“Pinboard”, on the other hand, is “storylines” without the timeline. A customisable board – which can again be maximised to full screen – sits in wait of notes of text, images, picture slideshows or web addresses. Each note can be captioned, and may be dragged and re-arranged across the board. The idea here is that how the pin board is used is entirely in the user’s court, whether it be for compiling research or tossing around ideas. This tool is easier to adopt than storylines, and with every facet from background colour to font and note size free for customisation, is bound to be of use to writers whom benefit from visually organizing their ideas. However it should be noted that whilst the pin board can be exported as an HTML file, it will lose visual formatting and assume the style of a list; unfortunately it is best left where it is unless resorting to screenshots. Meanwhile for more permanent collections of research and concepts, “scraps” is a digital scrapbook incorporating folders of text scraps, web scraps (URL’s and saved web pages), image scraps, picture slideshows, and collages; a blank slate and set of drawing tools to brainstorm ideas using shapes, text and images. One particularly nice feature – although only available on windows – is the ability to “auto-paste” external text into a new scrap by copying to clipboard twice in quick succession.
The last of Writer’s Café’s core selection of tools, “notebook”, “journal” and “writer’s prompt” are aimed solely at writing practice. Notebook appears as a sheet of note paper, with a small header containing the title, an unobtrusive grey link to a contents page and page arrows. Each can be endless in length, so similar prose can be grouped onto different pages, rather than creating new incarnations of notebooks at every turn. In regard to customisation, the width of the notepad may be altered to suit the layout chosen, aside from the standard font formatting. All this is also true for the journal, with the single addition of a calendar to chart daily entries. Finally, writer’s prompt incorporates the name generator with random goals and obstacles, set to a custom time limit within which to speed write an entry into the notepad or journal. The aesthetic feel of the notepad/journal is pleasing and complete if not for the lack of password protection and encryption. For that reason, the journal is not suited for those who are liable to divulge information they would wish kept from prying eyes.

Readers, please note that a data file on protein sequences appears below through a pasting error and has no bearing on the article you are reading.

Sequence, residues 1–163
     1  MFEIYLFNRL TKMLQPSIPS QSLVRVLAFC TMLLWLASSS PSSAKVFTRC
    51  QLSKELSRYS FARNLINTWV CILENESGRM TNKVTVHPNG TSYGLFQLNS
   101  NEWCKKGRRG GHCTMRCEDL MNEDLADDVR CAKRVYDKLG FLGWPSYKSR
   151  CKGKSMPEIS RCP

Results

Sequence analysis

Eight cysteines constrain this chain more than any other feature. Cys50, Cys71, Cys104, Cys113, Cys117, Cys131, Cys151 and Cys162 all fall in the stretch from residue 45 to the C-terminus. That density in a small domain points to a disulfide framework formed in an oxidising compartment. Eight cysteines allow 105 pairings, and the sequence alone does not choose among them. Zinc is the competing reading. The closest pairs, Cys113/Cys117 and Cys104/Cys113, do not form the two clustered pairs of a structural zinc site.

True for any software a writer uses, file compatibility is of great importance. Every tool in Writer’s Café can export to HTML, Plain Text and OpenDocument; the latter being compatible with numerous word processors including Microsoft Office 2007 and later. As a rule of thumb, selecting OpenDocument by default should ensure formatting stays consistent between applications. This is comforting news, but the real gem in Writer’s Café is its backup manager and support of all three major operating systems (Windows, Mac and Linux).
By default all files are saved within a folder in My Documents (Windows). This of course can be moved to anywhere on the hard drive, but also a memory or USB stick. Both project files and preference settings may be stored on a USB drive, giving the user freedom to divide work between their laptops/computers/netbooks – running any operating system – without copying files manually between systems. Alternatively, the entire program can be installed to a USB drive, negating the need to install Writer’s Café more than once. When open, each tool automatically saves the project file at timed intervals (again customisable) to the location of choice. The only manual legwork required is an occasional backup of all – or some – of the files to a .zip file.
For those writer’s who have yet to develop a working routine or find it difficult to organize their ideas effectively, Writer’s Café makes an admirable effort in eliminating that worry. Users working on several writing projects can create workspaces with separate associated notepads, pinboards, scraps and storylines to fully divide their work. They can pick and choose the tools needed, mould the software to an impressive extent and all the while rest safe in the knowledge that wherever they find themselves, all their ideas are organized together in one place – one virtual café – which need never be far away. Writer’s Café is available via download for £22 (£16 for students) and on CD-ROM for £32.90. A free demo is also available for download with a 20 card limit in storylines and scraps, and blocked access to the eBook: “Fiction: The Facts”.